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Percussion: Part 1

Percussion: Part 1

Percussion is perhaps the most important section in a musical group. It allows the whole band to keep in time and drives forward a song. It is because of this that some all-percussion groups have become so popular, such as Stomp – currently performing in the West End of London. While this percussion heavy music might not be for everyone, it is undeniably a fundamental part of practically all music. This is one reason why it is so difficult for acapella groups to keep interest, since there is little percussive elements. This can be improved easily by adding a beatboxer to the group.

Playing percussion usually involves some kind of hitting action. Whether it is hitting a hollow object like a drum or hitting a metallic object like a xylophone, or even hitting a metal string. Often the sound produced is so deep that it does not have an audible note. This percussion is known as untuned percussion. Other instruments have a higher sound, which do have notes. These are known as tuned percussion instruments. Since pianos involve the hitting of metal strings to make sound, they are technically percussion instruments. They are also string instruments. Generally though these kinds of instruments are grouped separately as ‘keyboards’. Tuned percussive instruments can be a fun replacement for a piano in various different genres of music. Often, different styles of cultural music use tuned percussion as an alternative in this way. Gamelan music is a popular style in East Asia. Gamelan bands are made up of a variety of different percussive instruments, including gongs and metallophones which are hit with soft hammers. Traditional Caribbean music too uses steel drums as an alternative style of percussion. These are big metal drums which play a different note dependant on where on the instrument you hit them. Xylophones, another popular tuned percussion instrument are often used in the western world for sound effects and for children’s television theme tunes.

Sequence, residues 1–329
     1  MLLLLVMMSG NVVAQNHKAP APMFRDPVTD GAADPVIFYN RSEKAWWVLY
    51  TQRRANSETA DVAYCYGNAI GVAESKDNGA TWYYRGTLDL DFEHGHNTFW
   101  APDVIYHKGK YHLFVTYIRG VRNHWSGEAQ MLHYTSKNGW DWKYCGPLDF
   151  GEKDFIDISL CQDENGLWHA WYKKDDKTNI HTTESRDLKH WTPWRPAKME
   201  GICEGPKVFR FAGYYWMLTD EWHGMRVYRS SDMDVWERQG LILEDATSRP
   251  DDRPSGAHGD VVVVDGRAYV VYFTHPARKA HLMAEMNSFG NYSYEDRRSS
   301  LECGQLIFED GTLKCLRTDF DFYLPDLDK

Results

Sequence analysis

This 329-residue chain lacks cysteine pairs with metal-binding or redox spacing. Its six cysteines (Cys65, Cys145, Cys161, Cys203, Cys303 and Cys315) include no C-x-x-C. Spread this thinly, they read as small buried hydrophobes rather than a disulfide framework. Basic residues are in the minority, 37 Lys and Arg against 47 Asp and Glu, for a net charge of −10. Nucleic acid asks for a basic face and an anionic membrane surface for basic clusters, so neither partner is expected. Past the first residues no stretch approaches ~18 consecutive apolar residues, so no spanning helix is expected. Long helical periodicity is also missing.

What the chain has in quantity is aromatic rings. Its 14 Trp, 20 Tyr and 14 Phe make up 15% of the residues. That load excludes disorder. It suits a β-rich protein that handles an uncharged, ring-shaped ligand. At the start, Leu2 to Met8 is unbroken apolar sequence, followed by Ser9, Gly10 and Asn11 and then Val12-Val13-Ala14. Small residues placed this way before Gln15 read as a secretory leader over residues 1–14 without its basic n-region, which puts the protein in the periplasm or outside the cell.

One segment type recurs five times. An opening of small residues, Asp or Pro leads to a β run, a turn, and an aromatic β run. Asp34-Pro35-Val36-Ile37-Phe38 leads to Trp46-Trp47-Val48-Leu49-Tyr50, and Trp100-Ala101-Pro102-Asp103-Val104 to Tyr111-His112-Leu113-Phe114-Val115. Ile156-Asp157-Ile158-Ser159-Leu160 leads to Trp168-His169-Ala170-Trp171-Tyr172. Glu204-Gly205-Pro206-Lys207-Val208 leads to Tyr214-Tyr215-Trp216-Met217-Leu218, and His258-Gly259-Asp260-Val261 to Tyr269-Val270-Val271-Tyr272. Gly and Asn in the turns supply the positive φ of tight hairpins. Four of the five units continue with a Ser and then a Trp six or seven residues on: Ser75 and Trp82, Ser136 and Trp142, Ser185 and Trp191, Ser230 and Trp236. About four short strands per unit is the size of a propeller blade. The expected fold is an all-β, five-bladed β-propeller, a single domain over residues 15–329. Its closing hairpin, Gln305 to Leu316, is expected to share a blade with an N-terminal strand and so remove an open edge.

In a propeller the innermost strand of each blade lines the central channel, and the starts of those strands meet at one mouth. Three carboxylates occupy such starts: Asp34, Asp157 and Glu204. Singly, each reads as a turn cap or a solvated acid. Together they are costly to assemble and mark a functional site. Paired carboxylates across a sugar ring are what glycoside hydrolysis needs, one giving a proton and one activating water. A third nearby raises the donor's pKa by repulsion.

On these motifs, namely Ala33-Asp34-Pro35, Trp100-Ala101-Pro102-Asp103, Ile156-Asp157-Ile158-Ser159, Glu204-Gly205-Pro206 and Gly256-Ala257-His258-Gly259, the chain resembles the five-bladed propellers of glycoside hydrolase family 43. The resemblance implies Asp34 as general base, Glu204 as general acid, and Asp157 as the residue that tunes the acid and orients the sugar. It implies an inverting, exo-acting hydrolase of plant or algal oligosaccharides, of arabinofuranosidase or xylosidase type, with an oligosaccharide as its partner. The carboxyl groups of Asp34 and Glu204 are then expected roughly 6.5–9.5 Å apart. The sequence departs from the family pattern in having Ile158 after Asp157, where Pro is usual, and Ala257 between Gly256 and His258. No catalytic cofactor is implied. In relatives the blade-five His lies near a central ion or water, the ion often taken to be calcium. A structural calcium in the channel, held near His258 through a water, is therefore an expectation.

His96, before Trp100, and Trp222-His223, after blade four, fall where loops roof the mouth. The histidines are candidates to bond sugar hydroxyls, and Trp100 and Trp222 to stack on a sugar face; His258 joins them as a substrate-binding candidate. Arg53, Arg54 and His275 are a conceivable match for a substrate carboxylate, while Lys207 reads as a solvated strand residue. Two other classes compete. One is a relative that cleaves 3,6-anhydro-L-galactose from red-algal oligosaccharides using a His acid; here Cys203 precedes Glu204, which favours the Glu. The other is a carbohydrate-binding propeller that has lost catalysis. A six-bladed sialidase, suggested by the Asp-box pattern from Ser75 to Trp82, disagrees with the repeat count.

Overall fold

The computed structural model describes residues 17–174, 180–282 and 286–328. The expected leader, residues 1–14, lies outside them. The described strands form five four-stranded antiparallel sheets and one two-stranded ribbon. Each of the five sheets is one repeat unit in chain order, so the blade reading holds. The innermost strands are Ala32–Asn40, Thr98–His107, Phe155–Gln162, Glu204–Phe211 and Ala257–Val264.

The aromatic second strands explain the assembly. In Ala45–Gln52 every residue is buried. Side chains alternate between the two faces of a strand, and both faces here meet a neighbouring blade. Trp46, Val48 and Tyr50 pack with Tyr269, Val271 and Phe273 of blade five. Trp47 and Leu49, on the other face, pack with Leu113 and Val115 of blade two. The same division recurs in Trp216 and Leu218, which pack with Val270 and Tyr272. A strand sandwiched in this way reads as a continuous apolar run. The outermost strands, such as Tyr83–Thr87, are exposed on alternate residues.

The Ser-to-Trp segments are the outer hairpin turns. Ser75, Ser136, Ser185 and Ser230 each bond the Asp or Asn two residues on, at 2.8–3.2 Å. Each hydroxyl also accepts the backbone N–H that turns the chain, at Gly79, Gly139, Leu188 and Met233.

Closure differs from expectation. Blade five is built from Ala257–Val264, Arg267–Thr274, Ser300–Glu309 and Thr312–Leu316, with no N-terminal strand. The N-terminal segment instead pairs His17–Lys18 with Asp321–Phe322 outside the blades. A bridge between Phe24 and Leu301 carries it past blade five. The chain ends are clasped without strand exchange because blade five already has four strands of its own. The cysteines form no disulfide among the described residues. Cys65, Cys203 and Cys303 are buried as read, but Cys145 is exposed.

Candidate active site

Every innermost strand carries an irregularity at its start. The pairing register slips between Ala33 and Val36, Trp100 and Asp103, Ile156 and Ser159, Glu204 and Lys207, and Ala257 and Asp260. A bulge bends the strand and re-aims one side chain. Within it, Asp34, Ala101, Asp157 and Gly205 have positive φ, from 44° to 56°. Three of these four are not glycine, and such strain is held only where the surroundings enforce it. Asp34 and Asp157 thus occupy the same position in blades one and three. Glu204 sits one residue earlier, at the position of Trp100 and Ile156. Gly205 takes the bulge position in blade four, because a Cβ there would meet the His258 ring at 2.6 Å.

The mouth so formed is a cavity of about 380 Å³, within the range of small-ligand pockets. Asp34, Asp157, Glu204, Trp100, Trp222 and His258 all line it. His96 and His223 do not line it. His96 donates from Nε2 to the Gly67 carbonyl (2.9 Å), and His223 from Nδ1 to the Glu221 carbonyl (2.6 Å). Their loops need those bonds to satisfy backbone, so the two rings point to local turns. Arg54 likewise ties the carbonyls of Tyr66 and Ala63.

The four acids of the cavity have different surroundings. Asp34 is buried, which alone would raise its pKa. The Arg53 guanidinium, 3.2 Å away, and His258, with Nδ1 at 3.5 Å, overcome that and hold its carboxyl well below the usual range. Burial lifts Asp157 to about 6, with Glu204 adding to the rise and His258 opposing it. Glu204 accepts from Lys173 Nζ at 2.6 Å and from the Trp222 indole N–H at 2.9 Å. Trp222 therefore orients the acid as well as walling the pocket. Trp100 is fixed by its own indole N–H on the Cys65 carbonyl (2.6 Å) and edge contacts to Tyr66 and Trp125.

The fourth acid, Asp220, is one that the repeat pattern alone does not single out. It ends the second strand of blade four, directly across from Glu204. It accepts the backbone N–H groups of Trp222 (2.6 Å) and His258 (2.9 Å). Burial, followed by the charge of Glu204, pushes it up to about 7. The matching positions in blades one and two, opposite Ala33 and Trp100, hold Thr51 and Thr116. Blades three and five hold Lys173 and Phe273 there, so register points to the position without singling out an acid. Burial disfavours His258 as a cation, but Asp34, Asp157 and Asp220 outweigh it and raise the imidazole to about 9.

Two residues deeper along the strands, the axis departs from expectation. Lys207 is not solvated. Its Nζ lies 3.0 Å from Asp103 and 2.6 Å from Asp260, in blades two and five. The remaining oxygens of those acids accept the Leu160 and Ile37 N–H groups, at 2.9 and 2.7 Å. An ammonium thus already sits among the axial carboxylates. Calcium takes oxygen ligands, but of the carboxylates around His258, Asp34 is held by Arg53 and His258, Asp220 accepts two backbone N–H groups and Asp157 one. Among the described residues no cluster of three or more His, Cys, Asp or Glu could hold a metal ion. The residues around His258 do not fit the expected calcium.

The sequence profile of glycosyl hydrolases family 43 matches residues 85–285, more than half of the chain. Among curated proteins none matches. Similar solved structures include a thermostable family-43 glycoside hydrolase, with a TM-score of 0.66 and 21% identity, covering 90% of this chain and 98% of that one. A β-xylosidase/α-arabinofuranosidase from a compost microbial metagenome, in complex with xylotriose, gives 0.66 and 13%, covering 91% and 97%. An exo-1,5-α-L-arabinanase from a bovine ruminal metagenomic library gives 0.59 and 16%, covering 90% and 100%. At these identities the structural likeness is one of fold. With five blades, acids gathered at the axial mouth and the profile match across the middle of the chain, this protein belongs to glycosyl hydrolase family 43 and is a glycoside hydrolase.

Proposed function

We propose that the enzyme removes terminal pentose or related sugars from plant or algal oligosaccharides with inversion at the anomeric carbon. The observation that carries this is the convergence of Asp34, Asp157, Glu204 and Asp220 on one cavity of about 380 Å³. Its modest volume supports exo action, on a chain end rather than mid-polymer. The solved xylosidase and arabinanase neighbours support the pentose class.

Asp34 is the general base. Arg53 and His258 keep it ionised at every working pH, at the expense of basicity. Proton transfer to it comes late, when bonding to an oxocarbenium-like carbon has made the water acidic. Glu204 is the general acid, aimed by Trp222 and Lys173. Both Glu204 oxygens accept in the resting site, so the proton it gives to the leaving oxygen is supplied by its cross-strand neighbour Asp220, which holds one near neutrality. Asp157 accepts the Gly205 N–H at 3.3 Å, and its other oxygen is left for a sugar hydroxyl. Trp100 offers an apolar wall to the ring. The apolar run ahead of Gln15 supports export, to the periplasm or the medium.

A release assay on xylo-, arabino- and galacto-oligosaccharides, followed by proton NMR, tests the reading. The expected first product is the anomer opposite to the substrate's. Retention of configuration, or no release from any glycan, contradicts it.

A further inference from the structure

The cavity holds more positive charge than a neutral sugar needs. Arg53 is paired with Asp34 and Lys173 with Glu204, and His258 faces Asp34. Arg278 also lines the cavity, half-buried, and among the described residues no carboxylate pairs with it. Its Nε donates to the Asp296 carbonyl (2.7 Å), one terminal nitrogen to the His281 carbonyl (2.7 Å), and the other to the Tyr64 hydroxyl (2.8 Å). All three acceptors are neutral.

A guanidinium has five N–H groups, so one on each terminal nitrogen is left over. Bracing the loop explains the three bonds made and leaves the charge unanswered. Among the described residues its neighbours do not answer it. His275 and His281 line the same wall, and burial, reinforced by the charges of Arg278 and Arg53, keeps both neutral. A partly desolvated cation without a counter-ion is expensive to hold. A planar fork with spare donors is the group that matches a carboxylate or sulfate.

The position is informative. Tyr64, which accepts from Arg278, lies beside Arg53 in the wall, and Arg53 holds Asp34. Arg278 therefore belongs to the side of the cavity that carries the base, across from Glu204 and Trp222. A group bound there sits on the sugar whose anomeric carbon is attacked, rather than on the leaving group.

The difference in the notes played by tuned percussive instruments is, as in other musical instruments, related to the size of the thing being hit. On xylophones the metal bars that are struck get larger in size along the instrument. Each key of the piano key is attached to a slightly thicker string. The steel drum is a little different since its unique curved shape means that it plays different notes based on where about you hit it. This means that you can play various different notes all on just the one instrument.

Percussion is such a universal part of music that the instruments we know in this section actually all have their own unique histories, and originated from all over the world. Bongo drums, unlike the ones we’ve discussed so far, are famous for their part in traditional African music. Even the drums we know as part of the standard rock drum kit have their origins from all over the world. All of the instruments famous today go back thousands of years to around 6000 BC. Even the snare drum, which uses beads or metal snare wires to create a more typically modern sound. It’s interesting how we have now developed a standard idea of what percussion is, and I wonder if in the future percussion will develop further or whether the instruments which are popular now are here for good. In the next article on percussion, I’m going to be looking at the most standard percussion instrument there is – the drum kit, and how it is typically used.

 

Image from: https://upload.wikimedia.org/wikipedia/commons/9/9f/Crotales1.jpg

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